22
APR
2020

“A Tale of Two Tunnels” at the British Science Week

Just before the COVID19 shutdown, British Science Week was in full force and delivered on giving young people and families a final fix of science festival fun (at least for the time being).

Dr Edmonds and his team talking to young people about “A Tale of Two Tunnels”.

A team of undergraduates from Liverpool’s physics Department joined Cockcroft academic Dr Chris Edmonds at the Victoria Gallery & Museum in Liverpool to talk to young people about “A Tale of Two Tunnels”, the story of a particle accelerator built in Liverpool’s underground loop line.

When most people think about particle accelerators, they immediately think about CERN and the Large Hadron Collider (LHC) which is famed for being housed in a circular tunnel deep below Geneva.

Liverpool is home to its own tunnel, albeit smaller, in the shape of the Wirral Line loop – making it the perfect place for the story to unfold. The four stations on the loop line mirror the four detectors on the Large Hadron Collider at CERN. The detectors are where particles collide and where physicists examine them to discover more about the nature of our Universe.

Dr Edmonds and his team have been delivering events in schools and community settings to introduce the project to local communities. Academics and physics students have told the story of accelerators by drawing parallels between the tunnels of the Large Hadron Collider and the Wirral loop line. Participants have then put forward their own ideas of what they think the final exhibition should include.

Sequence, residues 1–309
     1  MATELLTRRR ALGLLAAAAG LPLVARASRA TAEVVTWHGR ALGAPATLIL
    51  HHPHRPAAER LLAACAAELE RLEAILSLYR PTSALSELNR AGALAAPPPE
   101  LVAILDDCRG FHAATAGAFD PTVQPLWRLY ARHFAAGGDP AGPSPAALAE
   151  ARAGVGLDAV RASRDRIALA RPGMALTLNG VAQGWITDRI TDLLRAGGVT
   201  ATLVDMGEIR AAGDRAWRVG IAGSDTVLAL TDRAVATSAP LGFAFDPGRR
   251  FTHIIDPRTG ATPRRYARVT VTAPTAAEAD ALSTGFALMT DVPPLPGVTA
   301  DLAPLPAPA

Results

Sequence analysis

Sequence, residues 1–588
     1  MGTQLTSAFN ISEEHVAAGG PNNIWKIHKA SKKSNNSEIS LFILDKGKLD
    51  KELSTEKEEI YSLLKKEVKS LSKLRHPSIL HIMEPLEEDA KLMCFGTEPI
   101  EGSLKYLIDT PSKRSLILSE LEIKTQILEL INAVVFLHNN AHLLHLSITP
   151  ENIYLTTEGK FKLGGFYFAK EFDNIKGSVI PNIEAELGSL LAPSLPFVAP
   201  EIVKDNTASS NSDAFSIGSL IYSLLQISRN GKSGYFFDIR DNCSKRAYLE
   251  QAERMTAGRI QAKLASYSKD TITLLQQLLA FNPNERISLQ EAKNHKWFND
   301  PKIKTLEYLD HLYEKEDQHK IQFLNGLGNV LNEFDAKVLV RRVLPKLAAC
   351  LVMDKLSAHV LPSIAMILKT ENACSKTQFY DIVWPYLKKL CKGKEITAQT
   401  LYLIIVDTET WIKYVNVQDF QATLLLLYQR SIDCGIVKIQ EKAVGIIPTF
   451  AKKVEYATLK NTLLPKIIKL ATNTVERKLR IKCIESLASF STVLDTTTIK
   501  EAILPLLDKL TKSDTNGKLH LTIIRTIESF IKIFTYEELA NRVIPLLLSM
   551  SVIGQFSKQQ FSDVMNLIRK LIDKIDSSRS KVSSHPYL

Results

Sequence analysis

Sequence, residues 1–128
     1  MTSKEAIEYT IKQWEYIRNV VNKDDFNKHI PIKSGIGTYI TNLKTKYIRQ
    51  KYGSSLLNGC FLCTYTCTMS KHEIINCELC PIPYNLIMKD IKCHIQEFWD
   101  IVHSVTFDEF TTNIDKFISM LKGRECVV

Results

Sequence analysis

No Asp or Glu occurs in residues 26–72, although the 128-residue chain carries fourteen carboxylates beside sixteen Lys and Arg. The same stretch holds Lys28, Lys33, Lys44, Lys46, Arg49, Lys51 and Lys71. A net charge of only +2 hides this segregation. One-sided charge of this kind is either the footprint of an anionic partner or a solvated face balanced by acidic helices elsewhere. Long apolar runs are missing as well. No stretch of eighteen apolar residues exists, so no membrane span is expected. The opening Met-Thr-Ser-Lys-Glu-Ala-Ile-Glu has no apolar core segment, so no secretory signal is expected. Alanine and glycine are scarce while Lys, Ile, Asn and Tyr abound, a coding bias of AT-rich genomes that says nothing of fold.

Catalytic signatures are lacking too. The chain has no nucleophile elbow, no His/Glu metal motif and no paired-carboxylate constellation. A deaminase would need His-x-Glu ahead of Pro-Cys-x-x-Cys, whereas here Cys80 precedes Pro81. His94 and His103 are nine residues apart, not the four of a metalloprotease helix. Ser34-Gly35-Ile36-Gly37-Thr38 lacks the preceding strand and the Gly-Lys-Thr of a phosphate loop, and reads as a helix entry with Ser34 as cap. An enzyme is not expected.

In the event that was now held, young people got hands on with magnet accelerators, Van de Graaf generators and fine beam tubes, before designing a lab of their own.

One of our fourth year students, Annie Dolan, who was a volunteer on the day, reflected upon her experience: “I especially enjoyed helping the young people design their own science labs as I introduced them to the components and equipment needed to run a lab, and then witnessed how their creativity and imagination expanded upon these basic ideas and resulted in very interesting designs. Some of which would require quite lengthy risk assessments before running any experiments! This workshop was very successful in piquing the curiosity of many of the children. They had lots of questions about real science labs and the scientists in them, which is why I got involved in this event, as it is rewarding to see younger people leave with a newfound interest in the subject.

The current lockdown situation may be the public engagement equivalent of leaves on the line, but there is light at the end of the two tunnels